Sermon 6/16/19: The Future Is Fluid

Vicar Noah Herren

The Holy Trinity

June 15/16, 2019

The Future is Fluid

The Future is Female. The first time I remember this slogan really catching me was a couple of years ago when my roommate, Michael, and his boyfriend wore it on matching t-shirts. There was something poignant about two gay men professing this statement, and especially these two specific men. They were the first people to use my preferred pronouns and call me by my chosen name.

When I shared my fears about transitioning gender, Michael said, “We can try something different with your pronouns, just around the house, to see how it feels to you.” This suggestion became a true gift as I lived into an expanded identity. A part of me that hadn’t been recognized and seen publicly, started to grow with a friend’s willingness to see me in a new way.

The cover art on our bulletin portrays the Holy Trinity as three women. This image is a modern artistic interpretation of a classic 15th-century icon of the trinity we have displayed at the back of our church. The original is based on the story of Abraham and Sarah showing hospitality to three mysterious figures.

Modern art like this, that lifts up feminine expressions of God, is an indication of the extensive scholarship that has been done in recent decades to expand our image of God beyond just male. It may suggest to us that the future of how we see God is female.

Of course, at Holy Trinity, we are no stranger to female images of God. Just in the past year, we’ve explored several: the biblical image of God as mother hen, God personified as Holy Wisdom or Sophia (who we read about today in Proverbs), the hymn “Mothering God, you gave me birth” using words from Julian of Norwich from the 14th century.

Our church is committed to lifting up a wide variety of images that conveys we not only recognize the God of the future is female, we acknowledge the God of the past is female too!

But as we open ourselves to female conceptions of God, we don’t let go of God as male. When we baptized and welcomed Henry, Alistair, Vaughn & Sonia into the church today, we baptized them in the name of the Father, Son and Holy Spirit. When we say the Lord’s Prayer, we cry out to “Our Father in heaven.” Our creeds use male language for God. And as we celebrate Father’s Day today, we rejoice in all the magnificent qualities of the men and fathers in our midst. Although historically male representations of God have significantly outweighed female images, we must still hold onto God as male too.


As we were preparing for Holy Trinity Sunday, our office administrator Beau shared this story. His hymn-writer friend wrote this piece that employs inclusive language and images for the Trinity. The hymn-writer received some negative feedback and decided to jokingly write something more “mainstream”, calling to mind much of our traditional imagery of the Father, Son and Holy Spirit. Here it is:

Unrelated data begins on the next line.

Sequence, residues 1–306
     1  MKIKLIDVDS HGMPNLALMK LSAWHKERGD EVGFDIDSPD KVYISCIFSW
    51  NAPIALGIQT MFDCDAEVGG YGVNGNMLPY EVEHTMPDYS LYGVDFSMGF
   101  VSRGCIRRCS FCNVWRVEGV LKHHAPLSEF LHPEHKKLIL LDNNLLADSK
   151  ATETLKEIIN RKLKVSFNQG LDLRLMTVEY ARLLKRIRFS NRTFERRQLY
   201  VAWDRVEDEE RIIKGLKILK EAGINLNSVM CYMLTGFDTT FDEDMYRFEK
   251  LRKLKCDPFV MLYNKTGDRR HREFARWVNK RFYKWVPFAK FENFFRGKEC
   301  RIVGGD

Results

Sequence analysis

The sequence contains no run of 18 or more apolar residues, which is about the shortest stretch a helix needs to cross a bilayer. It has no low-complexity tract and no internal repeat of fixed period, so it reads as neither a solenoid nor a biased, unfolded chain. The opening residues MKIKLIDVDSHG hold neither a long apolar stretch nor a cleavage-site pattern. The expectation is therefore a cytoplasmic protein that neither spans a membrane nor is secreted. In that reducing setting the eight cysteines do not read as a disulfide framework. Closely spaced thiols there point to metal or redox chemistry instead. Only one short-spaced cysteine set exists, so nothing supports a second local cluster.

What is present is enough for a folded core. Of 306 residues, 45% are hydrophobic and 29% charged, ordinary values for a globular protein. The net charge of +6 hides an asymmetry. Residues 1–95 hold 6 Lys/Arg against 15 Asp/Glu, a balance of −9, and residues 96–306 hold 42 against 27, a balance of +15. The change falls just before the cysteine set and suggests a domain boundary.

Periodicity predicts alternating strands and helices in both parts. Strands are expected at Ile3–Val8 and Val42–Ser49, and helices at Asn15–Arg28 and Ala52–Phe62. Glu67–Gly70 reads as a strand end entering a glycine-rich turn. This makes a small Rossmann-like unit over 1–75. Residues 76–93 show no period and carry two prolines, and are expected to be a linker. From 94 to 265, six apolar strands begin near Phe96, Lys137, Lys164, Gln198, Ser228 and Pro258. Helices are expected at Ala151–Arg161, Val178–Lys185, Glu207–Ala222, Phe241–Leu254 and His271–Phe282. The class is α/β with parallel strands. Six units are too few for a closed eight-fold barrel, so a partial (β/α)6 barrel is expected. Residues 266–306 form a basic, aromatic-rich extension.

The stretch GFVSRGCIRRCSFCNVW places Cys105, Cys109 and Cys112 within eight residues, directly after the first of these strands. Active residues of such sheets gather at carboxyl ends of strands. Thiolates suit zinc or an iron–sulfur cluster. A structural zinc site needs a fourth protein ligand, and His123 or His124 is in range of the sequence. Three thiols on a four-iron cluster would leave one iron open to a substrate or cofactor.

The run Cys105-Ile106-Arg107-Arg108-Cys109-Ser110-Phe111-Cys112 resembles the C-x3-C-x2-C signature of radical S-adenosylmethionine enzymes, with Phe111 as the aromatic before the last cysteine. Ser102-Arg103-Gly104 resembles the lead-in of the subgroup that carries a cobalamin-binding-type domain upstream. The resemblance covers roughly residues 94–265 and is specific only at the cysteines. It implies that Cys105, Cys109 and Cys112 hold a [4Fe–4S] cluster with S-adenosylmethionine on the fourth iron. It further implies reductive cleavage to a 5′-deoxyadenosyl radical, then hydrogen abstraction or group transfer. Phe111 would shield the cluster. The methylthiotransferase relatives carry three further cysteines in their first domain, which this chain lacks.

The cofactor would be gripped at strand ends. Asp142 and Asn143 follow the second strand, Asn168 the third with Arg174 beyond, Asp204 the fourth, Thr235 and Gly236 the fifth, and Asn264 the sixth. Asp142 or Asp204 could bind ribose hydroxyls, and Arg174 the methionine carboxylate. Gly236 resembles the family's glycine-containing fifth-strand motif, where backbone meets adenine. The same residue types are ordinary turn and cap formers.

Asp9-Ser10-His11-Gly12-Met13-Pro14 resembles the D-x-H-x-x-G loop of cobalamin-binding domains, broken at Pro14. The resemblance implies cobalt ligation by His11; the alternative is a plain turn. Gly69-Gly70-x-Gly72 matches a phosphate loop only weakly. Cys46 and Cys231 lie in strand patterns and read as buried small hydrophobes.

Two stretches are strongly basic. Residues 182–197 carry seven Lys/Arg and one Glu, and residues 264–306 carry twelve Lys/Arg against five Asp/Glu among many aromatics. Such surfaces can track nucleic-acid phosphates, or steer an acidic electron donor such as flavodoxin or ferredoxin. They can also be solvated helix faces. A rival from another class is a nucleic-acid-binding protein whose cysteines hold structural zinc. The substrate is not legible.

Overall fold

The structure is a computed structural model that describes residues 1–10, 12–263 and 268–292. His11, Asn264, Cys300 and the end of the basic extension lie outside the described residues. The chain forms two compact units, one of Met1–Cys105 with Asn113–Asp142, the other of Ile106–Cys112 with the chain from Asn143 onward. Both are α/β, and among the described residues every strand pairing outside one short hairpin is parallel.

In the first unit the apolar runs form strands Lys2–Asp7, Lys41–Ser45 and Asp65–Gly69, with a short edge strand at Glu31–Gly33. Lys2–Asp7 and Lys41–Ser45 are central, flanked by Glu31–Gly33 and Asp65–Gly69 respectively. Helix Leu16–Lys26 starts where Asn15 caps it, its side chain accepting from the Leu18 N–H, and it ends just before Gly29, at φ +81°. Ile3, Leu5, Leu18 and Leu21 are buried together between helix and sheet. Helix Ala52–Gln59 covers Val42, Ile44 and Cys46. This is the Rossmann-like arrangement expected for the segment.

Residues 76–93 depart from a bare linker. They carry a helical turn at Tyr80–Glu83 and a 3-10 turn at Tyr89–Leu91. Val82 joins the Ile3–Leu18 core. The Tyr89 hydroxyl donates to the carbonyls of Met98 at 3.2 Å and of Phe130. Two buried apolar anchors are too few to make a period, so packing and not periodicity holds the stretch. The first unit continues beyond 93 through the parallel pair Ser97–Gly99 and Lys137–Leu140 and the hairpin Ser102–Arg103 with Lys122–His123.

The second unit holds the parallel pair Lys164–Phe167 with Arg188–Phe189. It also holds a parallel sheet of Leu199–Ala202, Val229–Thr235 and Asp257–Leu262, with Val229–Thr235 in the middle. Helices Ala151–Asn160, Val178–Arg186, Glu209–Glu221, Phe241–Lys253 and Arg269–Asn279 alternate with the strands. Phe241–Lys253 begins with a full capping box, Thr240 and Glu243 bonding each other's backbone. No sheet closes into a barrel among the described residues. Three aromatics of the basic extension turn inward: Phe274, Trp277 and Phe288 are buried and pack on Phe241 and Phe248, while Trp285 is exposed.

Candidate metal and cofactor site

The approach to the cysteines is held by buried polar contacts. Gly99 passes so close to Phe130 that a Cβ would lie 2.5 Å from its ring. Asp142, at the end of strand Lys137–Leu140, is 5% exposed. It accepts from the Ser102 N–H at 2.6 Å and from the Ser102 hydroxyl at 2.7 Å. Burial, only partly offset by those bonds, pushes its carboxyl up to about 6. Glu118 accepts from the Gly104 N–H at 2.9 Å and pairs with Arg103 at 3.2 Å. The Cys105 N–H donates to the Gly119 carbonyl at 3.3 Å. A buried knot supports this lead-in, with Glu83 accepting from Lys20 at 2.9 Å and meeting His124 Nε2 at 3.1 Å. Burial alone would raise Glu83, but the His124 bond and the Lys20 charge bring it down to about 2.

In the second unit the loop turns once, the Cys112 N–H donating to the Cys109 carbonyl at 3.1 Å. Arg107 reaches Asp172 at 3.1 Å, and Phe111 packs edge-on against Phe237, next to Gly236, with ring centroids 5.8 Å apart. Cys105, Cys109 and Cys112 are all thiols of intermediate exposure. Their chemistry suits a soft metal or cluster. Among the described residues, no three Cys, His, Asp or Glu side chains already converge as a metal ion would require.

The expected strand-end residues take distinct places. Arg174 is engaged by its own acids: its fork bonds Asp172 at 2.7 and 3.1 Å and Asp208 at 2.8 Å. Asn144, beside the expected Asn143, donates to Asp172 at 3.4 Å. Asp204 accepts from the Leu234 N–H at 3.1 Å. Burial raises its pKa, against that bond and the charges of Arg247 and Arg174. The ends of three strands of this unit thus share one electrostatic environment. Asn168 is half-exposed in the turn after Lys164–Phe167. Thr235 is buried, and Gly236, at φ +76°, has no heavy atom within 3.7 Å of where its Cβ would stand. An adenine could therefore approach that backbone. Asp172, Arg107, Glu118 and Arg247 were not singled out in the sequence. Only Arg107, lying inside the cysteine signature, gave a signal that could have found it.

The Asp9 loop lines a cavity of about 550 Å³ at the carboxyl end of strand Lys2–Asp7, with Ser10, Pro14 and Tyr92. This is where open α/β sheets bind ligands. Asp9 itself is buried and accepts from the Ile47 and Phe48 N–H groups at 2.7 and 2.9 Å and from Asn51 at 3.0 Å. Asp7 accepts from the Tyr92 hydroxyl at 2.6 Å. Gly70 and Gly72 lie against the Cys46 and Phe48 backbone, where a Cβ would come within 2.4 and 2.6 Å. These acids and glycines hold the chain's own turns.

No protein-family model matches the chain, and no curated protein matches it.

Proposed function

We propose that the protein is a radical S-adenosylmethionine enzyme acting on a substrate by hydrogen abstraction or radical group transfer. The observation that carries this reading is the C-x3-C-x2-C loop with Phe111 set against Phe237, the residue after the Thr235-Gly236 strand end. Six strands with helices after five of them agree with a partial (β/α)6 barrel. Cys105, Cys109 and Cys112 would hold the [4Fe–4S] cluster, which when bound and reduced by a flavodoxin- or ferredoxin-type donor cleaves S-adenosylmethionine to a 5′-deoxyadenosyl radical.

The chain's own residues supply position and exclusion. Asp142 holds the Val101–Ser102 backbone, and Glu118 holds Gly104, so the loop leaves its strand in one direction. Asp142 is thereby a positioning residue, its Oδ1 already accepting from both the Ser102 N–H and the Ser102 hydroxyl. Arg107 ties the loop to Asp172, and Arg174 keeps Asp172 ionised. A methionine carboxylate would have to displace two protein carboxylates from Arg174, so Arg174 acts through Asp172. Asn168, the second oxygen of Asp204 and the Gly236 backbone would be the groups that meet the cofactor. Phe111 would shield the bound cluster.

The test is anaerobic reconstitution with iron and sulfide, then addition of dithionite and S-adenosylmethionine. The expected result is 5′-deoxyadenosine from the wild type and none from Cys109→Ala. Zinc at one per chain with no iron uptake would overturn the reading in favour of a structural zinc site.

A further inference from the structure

Two dudes and a bird,

Two dudes and a bird.

The God I love and serve

He is two dudes and a bird

O Sacred Trinity

O Sacred Plural “He”

His Life, his Breath, his Word

Two dudes and a bird.

The silliness and simplicity of this poem, communicates how absurd it is to reduce our complex, everlasting, trinitarian God into limited identities.

In less than 40 years of life, as a transgender person, I’ve held a number of identities: brother and mother, daughter and son, wife and boyfriend. And we all hold a multiplicity of identities, because we are all created in the image of God. In our community, we see God manifest, in the faces of our neighbors, in icons and artwork, at the table where we encounter God’s real presence fresh and new each week. As we expand our ideas of what God can look like, who God can be, who God is...we open ourselves to who is invited, we become more inclusive of all identities.

Father Richard Rohr in his book, The Divine Dance, describes the mystery of the Trinity: “Whatever is going on in God is a flow, a radical relatedness, a perfect communion between Three.” He conceives of God as the masculine and feminine and all the spaces between flowing and working together, to make God’s presence and purpose known in the world.

So what are God’s pronouns? How do we balance “two dudes and a bird” with “The Future is Female?” Our God who is and was is and is to come is all of them, AND more than we can even imagine: He who creates and orders life, she who nourishes and sustains, and they who flows and moves through us and all of creation to proclaim the good news of salvation for all.

In reimagining the statement, The Future is Female, to be more expansive and inclusive, musicians Tegan and Sara created a new t-shirt, The Future is Fluid, stating “We’re living in a time of divisive rhetoric and it’s important to remember that we’re all equally valuable human beings with endless potential.”

Today as we gather at the table and in worship, may we remember that we are a people of endless potential, who serve a triune God of endless potential. Amen.